Now You Know

Building explosions
Monday, January 31, 2005 | 12:00 a.m. CST; updated 12:01 p.m. CDT, Sunday, July 6, 2008

What’s new: Faculty and student researchers at the National Center for Explosion Resistant Design at MU are looking for ways to make buildings explode gracefully rather than catastrophically.

The center, which was created in 1997 under the supervision of Sam Kiger, chairman of MU’s civil engineering department, promotes understanding of the explosion environment and generates structural building designs. The designs aim to reduce flying debris and prevent the collapse of a building after an explosion, thus minimizing potential injury or death to people inside the structure.

How it’s being done: In 2001, the center built a static testing chamber that allows researchers to determine why and how buildings fall in an explosion. Based on that achievement, they have developed a computer code that can determine whether a wall could safely withstand an explosion. They also came up with a polymer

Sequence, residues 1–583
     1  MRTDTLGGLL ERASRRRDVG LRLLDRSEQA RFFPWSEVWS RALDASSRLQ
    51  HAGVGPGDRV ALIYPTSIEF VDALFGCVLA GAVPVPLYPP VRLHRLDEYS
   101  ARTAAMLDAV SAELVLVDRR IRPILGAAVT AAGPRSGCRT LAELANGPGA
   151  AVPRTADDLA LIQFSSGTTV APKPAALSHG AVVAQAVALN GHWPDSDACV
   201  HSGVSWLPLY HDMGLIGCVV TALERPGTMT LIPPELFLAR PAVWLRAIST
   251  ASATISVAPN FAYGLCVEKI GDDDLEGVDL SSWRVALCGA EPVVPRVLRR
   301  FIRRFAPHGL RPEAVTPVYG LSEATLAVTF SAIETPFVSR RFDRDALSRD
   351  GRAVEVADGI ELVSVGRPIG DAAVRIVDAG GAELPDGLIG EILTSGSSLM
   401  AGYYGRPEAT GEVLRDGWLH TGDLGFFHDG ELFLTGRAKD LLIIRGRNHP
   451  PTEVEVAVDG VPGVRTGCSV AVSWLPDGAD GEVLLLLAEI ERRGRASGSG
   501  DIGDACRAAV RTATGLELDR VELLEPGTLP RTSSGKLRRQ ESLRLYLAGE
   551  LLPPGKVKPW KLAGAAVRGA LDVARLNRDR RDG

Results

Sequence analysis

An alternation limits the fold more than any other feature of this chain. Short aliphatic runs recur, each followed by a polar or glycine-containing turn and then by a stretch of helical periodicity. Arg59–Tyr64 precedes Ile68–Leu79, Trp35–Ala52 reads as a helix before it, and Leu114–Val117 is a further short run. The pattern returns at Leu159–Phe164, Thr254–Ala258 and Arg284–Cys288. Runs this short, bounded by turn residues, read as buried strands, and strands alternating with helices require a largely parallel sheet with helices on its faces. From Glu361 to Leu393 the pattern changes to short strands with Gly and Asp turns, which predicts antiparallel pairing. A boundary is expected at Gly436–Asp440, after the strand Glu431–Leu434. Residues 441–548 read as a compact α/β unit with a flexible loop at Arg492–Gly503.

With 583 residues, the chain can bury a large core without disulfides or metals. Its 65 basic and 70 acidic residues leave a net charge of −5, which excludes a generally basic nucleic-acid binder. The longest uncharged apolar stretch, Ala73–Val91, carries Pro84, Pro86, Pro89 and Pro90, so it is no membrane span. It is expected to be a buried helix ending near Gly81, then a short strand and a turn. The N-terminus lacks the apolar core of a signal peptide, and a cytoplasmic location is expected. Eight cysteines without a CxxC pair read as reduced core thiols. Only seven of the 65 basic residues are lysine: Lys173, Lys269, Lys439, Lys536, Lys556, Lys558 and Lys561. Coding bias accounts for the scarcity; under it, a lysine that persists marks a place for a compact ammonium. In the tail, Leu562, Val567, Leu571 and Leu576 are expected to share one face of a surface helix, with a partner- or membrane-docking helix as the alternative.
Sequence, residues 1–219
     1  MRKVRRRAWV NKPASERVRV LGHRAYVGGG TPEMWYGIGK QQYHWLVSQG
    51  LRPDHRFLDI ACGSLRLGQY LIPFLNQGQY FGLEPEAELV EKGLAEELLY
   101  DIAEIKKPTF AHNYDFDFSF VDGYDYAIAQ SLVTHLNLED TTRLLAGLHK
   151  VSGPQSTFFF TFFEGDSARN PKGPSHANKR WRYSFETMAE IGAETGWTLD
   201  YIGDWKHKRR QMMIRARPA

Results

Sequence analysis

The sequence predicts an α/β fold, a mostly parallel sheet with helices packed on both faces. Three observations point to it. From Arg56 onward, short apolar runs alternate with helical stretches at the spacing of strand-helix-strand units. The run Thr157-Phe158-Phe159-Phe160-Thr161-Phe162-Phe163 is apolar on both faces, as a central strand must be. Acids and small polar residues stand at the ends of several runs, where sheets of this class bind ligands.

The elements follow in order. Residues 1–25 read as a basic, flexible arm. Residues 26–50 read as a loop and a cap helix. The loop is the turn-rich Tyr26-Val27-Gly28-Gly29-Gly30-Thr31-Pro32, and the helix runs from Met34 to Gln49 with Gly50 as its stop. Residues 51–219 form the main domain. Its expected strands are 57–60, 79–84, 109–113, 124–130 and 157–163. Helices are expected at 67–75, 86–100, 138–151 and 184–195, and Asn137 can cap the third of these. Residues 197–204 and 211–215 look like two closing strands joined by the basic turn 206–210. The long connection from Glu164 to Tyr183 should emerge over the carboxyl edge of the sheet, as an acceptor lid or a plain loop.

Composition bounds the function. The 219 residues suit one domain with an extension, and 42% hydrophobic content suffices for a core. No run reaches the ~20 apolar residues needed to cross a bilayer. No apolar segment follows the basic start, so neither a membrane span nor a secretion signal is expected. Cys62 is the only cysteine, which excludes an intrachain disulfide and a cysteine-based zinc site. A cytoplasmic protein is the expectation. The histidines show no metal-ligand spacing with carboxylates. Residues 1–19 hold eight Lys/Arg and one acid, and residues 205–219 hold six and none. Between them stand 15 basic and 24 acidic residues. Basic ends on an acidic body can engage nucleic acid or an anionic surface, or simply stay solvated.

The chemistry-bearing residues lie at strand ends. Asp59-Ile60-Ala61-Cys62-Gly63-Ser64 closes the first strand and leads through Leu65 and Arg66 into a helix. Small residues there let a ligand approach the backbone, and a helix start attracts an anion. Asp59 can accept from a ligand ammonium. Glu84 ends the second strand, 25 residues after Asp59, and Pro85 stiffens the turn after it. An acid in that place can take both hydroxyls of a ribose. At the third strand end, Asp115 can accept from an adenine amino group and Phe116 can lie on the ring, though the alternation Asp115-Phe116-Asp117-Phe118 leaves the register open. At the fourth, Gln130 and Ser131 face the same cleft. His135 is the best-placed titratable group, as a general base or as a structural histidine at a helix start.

enforcement that can be applied to existing masonry block walls to

improve their blast resistance.

Why it matters: Since the collapse of the World Trade Center towers, improving a building’s ability to withstand explosion has become a field of intense interest. The Department of Defense is already modifying building designs in accordance with the center’s recommendations, and other government agencies are following suit. This means that people working in those government facilities considered likely targets of terrorist attacks will be safer than ever before.

For more information: Visit the National Center for Explosion Resistant Design at

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